Logistics Firm Denies Releasing Toxic Sugar Into Kenya

A Mombasa-based Container Freight Stations (CFS) – Mitchell Cotts Kibarani, has refuted claims that it had released sugar contaminated with seawater to the local market.

The CFS Operations Director, James Rarieya, confirmed that the cargo is in the warehouses.

The 8,025 waterlogged bags were segregated from 19,441 in sound condition.

The good bags will undergo laboratory and quality assurance test results by the Kenya Bureau of Standards (KEBS), before being released from the CFS.

The Port Health Department issued a seizure notice for the waterlogged bags of sugar awaiting destruction.

“I want to assure you that no sugar has left Mitchell Cotts Kibarani CFS. We are following the law as a CFS operator,” said Rarieya.

Last year October, The Kenya Ports Authority and the Southern Engineering Company (SECO), successfully re-floated a container vessel MSC Eagle F, that ran aground due to engine malfunction, as it approached the Kilindini channel.

The Liberian Flagged Ship from Port Louis, Mauritius was laden with 426 (Twenty-foot Equivalent Units (TEUs), equal to 9,709 metric tons. The sugar was in 46 containers, seawater seeped in 13 containers.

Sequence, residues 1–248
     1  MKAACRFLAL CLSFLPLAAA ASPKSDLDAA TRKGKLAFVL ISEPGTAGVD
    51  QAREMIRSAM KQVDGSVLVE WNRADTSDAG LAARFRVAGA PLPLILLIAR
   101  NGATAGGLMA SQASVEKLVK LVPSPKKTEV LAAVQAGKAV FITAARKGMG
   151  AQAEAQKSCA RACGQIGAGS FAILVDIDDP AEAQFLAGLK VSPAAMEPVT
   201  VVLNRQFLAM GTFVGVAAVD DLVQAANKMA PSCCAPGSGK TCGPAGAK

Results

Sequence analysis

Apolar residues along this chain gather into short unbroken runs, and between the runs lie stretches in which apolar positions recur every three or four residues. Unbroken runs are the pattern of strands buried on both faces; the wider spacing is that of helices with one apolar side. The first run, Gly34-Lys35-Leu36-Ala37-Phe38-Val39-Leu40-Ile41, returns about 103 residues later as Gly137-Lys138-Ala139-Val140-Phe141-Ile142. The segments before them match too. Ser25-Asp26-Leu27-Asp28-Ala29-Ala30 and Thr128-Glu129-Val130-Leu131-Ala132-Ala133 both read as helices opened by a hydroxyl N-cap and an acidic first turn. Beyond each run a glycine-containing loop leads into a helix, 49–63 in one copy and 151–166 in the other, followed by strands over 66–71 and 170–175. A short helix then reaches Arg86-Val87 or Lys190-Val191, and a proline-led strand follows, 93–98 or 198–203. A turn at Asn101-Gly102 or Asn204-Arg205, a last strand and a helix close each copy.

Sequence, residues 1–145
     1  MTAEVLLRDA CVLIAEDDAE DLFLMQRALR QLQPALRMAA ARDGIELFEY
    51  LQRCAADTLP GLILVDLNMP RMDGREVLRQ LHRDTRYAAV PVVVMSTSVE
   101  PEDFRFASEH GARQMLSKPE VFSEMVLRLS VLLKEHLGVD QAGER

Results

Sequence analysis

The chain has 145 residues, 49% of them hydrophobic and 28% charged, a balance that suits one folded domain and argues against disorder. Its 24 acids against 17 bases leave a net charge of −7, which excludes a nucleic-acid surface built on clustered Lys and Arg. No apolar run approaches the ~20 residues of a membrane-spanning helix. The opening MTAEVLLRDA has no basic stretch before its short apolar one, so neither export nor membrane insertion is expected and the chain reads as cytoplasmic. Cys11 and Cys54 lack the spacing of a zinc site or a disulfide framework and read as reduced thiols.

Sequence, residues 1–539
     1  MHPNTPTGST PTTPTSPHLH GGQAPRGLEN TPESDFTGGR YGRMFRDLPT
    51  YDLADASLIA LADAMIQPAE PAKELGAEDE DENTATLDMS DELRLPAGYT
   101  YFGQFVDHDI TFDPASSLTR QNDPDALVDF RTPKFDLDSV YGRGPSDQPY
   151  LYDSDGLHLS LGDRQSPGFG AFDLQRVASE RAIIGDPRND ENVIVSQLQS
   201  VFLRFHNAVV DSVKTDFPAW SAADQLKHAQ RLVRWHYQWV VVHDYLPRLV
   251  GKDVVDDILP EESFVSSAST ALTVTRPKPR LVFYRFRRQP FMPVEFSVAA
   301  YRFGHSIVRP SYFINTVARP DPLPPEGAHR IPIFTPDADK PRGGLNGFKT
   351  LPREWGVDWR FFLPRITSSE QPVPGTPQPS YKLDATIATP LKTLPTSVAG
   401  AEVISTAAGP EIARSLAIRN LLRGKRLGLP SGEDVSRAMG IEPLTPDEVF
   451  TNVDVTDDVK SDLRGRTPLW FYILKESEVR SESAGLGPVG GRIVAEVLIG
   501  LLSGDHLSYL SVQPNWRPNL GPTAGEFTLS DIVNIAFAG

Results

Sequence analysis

“The water found its way to the containers near the engine. Out of the 46 containers after verification 13 containers had water,” said Rarieya, adding, that the importer Elevon Logistics Limited, gave the CFS the nod to strip the containers to segregate the ones affected by seawater.

The Operations Director noted that the consignment from Mauritius was cleared by all the agencies in the country of origin and has all the requisite documents.

“The problem arises after the vessel developed mechanical problems and water entered the vessel and in some containers,” said Rarieya, reiterating they cannot issue a gate pass to release cargo from a Custom Bonded Warehouse, without authorization from relevant government agencies.